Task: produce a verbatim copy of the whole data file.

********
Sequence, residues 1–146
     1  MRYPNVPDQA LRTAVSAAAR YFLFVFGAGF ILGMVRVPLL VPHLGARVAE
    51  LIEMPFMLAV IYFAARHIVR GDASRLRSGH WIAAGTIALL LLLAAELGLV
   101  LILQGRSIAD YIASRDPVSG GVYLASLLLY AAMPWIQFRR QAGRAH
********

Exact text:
Sequence, residues 1–146
     1  MRYPNVPDQA LRTAVSAAAR YFLFVFGAGF ILGMVRVPLL VPHLGARVAE
    51  LIEMPFMLAV IYFAARHIVR GDASRLRSGH WIAAGTIALL LLLAAELGLV
   101  LILQGRSIAD YIASRDPVSG GVYLASLLLY AAMPWIQFRR QAGRAH